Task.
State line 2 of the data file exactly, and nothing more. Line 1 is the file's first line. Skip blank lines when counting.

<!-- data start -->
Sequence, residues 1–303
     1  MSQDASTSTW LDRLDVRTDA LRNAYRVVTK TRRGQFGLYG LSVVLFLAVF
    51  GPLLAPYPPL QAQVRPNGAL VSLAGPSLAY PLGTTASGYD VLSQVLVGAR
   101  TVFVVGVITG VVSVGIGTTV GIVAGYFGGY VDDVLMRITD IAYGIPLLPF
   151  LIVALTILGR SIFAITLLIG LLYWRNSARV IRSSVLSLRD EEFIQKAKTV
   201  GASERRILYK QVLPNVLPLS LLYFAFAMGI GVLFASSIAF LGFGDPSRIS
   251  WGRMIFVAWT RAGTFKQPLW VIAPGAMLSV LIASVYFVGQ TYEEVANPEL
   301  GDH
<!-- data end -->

     1  MSQDASTSTW LDRLDVRTDA LRNAYRVVTK TRRGQFGLYG LSVVLFLAVF